Cut 2 chenille stem pieces for antennae and insert into clay head. Cut 6 chenille stem pieces for legs. Insert into clay thorax.

Cut elongate triangle wing-shaped pieces from an empty plastic water bottle to form wings. Overlap and embed the attachment end into the thorax, so the bottoms of the wings cover the abdomen.

I purposely left the instructions a bit vague to allow for creativity, but if you have any questions, please feel free to ask.

Hope we’ve inspired you to make a bee!

Want more activities?

See our Pinterest board of bee crafts with some fun ways to display the work, too.

Pinterest Board

For activity suggestions sorted by age, check out Africanized Honey Bees on the Move lesson plans at The University of Arizona, for example Lesson 1.1, The Honey Bee Body.

For more children’s books about bees, visit our growing list at Science Books for Kids.

STEAM Festival: Math Activities for Kids

For the final day of our week long STEAM festival, we are highlighting math. Sarah at Share It! Science is looking for the golden ratio in the garden. Here at Growing with Science we are going to celebrate STEM Friday by featuring some new math books and related activities.



The expert team of Hilary Koll and Steve Mills have developed a unique series of math books illustrated by Vladimir Aleksic. Each feature gritty, real world applications of math with problems to solve embedded within the story. The challenges vary in difficulty and math skills needed.

In Solve a Crime (You Do the Math) Alex, an undercover police detective, shows how math can help catch a criminal. For example, on one page the reader is asked to use co-ordinates to map the evidence and then look on a grid to calculate the distance between certain items. These problems will require a pencil and piece of paper to do the work.

The graphic-style illustrations are bold and serious, adding to the true-to-life feel. Want to see how it looks? You can check out a sample of some of the pages at Google Books.

Related activities:
Math Mavens Mysteries has a Time for Crime math mystery to get students warmed up, complete with audio clips (index to all math mysteries with level of difficulty).

Age Range: 6 – 8 years
Publisher: QEB Publishing (April 1, 2015)
ISBN-10: 160992732X
ISBN-13: 978-1609927325

Fly a Jet Fighter (You Do the Math) follows pilot Katie as she handles data, interprets tables, and reads dials and scales. The goal is to create a squadron of jet fighter aces and complete the mission.

An additional activity to accompany this book might be a making a paper plane (Instructions for nine different models).

Age Range: 6 – 8 years
Publisher: QEB Publishing (April 1, 2015)
ISBN-10: 1609927311
ISBN-13: 978-1609927318

Launch a Rocket into Space (You Do the Math) follows each stage of the  space mission to make sure the rocket blasts clear of the atmosphere and returns safely. It features astronaut Michael who helps the reader compete the math exercises and learn about everything from fractions to timelines. A few problems will require a protractor to measure angles.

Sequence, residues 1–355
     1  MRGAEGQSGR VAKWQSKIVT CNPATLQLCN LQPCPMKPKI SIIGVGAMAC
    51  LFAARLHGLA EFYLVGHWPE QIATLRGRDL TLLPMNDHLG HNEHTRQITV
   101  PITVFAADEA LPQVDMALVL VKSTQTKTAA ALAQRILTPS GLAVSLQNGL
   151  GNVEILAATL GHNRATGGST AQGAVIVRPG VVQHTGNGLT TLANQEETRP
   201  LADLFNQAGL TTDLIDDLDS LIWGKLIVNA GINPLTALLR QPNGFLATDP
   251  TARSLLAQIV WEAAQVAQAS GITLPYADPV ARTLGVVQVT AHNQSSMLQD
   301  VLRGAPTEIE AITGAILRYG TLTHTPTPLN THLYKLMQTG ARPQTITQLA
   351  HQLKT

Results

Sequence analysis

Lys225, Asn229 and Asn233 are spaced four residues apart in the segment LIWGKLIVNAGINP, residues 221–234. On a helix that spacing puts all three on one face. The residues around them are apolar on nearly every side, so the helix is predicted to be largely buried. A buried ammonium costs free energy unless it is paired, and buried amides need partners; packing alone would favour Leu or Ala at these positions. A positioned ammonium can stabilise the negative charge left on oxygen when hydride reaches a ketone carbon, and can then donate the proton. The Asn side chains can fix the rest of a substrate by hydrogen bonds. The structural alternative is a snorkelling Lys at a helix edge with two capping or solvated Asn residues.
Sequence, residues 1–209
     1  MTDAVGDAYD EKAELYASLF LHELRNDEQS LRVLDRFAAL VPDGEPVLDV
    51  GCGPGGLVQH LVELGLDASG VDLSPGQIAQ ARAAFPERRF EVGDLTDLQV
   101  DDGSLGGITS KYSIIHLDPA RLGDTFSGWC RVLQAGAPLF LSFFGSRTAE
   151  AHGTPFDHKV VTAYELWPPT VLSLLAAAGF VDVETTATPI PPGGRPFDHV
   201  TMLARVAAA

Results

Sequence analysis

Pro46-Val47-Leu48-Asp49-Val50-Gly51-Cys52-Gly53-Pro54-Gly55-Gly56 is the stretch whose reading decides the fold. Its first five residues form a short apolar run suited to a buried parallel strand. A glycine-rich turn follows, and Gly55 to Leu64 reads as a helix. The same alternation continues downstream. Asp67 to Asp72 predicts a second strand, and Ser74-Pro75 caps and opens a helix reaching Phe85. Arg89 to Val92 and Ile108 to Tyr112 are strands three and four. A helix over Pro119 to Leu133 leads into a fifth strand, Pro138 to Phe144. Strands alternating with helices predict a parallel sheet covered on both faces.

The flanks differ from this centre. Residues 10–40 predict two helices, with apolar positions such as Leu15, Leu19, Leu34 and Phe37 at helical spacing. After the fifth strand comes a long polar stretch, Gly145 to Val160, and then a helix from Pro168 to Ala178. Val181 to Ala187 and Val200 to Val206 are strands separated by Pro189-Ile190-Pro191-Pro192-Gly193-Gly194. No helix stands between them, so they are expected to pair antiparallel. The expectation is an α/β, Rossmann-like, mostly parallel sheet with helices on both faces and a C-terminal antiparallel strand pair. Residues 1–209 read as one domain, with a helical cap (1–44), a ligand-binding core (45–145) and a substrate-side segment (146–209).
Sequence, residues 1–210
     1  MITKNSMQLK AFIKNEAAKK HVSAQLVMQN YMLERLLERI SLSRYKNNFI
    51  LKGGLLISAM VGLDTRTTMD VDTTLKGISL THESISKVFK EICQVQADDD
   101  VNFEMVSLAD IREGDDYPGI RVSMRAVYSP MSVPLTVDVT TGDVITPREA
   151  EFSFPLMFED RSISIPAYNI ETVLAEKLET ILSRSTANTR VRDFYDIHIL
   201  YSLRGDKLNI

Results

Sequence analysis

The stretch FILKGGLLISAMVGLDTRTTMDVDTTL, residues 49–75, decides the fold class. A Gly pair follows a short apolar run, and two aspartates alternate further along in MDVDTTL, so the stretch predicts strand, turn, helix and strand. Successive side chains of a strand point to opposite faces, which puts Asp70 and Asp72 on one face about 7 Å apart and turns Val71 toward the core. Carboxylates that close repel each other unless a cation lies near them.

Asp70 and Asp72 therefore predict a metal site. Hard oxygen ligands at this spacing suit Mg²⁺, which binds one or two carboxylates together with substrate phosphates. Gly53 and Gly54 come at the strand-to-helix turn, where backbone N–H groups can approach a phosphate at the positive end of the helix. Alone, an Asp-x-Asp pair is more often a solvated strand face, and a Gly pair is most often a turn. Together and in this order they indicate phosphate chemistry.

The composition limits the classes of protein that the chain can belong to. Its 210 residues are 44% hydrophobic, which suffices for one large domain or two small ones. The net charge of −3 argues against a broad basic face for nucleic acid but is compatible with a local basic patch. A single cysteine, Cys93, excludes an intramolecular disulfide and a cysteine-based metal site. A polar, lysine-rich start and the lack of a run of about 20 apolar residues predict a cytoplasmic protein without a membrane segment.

Once again, here’s a preview from Google Books:

Each of the books has a glossary and the answers for all the questions are in the back matter.

Although recommended for ages 6-8, these books could also be useful for older children who are struggling with math concepts or don’t quite see how the math they are learning might be useful.

The books in the You Do the Math series would be perfect for homeschoolers and after school math clubs because they can be entirely child-directed reading.

Age Range: 6 – 8 years
Publisher: QEB Publishing (June 1, 2015)
ISBN-10: 160992729X
ISBN-13: 978-1609927295


Making Room for Math at Science Buddies has instructions for tons of math activities.

Don’t forget to visit our growing list of math books for children (from counting books to high school level) at Science Books for Kids.


Disclosures: The books were provided by Quarto Publishing Group USA for review purposes. Also, I am an affiliate for Amazon. If you click through the linked titles or ads and make a purchase, I will receive a small commission at no extra charge to you. Proceeds will be used to maintain this self-hosted blog.


Our activity schedule is as follows:

June 22: Science
Growing with Science: Science activities for Kids
Share it! Science: Are You a Scientist?

June 23: Technology
Growing with Science: Technology for Kids
Share it! Science: Exploring Kid’s Opportunities in Technology

June 24: Engineering
Growing with Science: Engineering Activities for Kids
Share it! Science: Rube Goldberg Machines- an Engineering Challenge

June 25: Art with a STEM focus
Growing with Science: Art Activities for Kids with a STEM Focus
Share it! Science: Family STEAM Night- Where Art Meets Science!

Today:  Math
Growing with Science: this post
Share It! Science: Golden Ratio in the Garden

We would love to hear your questions or suggestions for STEAM-related projects to share with others. Let’s heat up the summer with STEAM!


Come visit the STEM Friday blog each week to find more great Science, Technology, Engineering and Math books.